Monday, November 03, 2014

A policy that makes no sense

New Zealand has a housing crisis. Not in terms of middle class people being unable to buy their own home - though that's a big problem too - but in terms of some people being unable to afford to put a roof over their heads.

The government's "solution" to this problem has been to make it more difficult to get a state house. And now they plan to sell up to a third of our state housing stock to private providers at bargain basement prices.

The Prime Minister's word-games over whether or not this is a privatization isn't even worth a sneer - of course it is (and the usual corrupt one at that). But the real failure of the policy is that it simply doesn't make any sense. The problem is a lack of state houses. Reducing their number, even if they then become privately-provided subsidised housing, will not solve that fundamental problem. It is simply shuffling deckchairs.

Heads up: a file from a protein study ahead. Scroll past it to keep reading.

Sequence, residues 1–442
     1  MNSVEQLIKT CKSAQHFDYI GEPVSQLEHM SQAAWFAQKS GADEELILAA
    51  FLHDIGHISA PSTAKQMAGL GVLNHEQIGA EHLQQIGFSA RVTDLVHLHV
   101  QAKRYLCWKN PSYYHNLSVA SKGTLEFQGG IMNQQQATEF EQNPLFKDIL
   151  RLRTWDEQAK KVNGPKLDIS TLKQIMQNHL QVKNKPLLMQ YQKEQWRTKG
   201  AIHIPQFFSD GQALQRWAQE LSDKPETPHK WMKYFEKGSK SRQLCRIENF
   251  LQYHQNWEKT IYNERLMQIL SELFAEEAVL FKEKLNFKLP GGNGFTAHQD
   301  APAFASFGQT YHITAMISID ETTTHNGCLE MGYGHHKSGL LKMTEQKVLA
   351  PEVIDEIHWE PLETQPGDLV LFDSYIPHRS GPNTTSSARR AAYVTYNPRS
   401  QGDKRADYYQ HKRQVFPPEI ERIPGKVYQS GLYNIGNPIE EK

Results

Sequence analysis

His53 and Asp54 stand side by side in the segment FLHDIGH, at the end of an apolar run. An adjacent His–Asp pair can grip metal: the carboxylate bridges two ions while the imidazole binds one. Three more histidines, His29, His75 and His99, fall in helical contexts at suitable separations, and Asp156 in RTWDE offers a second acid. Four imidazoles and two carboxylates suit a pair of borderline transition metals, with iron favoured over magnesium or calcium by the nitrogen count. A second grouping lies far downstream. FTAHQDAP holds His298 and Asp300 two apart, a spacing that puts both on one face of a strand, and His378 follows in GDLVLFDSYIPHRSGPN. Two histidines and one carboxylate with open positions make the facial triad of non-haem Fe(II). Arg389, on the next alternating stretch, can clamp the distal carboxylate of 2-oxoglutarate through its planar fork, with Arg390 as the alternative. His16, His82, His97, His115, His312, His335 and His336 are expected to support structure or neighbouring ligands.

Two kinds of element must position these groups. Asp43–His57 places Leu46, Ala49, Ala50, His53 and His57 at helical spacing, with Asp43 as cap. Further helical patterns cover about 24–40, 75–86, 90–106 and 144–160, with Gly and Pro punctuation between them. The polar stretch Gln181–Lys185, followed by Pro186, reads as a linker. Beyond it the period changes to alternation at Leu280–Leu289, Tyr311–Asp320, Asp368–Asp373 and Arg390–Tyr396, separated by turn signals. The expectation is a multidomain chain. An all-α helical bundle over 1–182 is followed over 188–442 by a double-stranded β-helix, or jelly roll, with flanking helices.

We need to significantly increase the number of state houses. The best way to do it is for the government to build them directly, leveraging its size to get economies of scale. But if the government wants to increase provision by councils and iwi, then rather than selling an existing asset to them, it should transparently subsidise those organisations to build more. That way we actually increase the number, rather than simply shifting houses from one column to another, and it also lets us use the funding contract to prevent resales or the council or iwi deciding that they want to exit social housing provision. But that would involve recognising the government's fundamental duty to provide homes for the needy - and its pretty clear from National's comments that they don't accept our social contract anymore.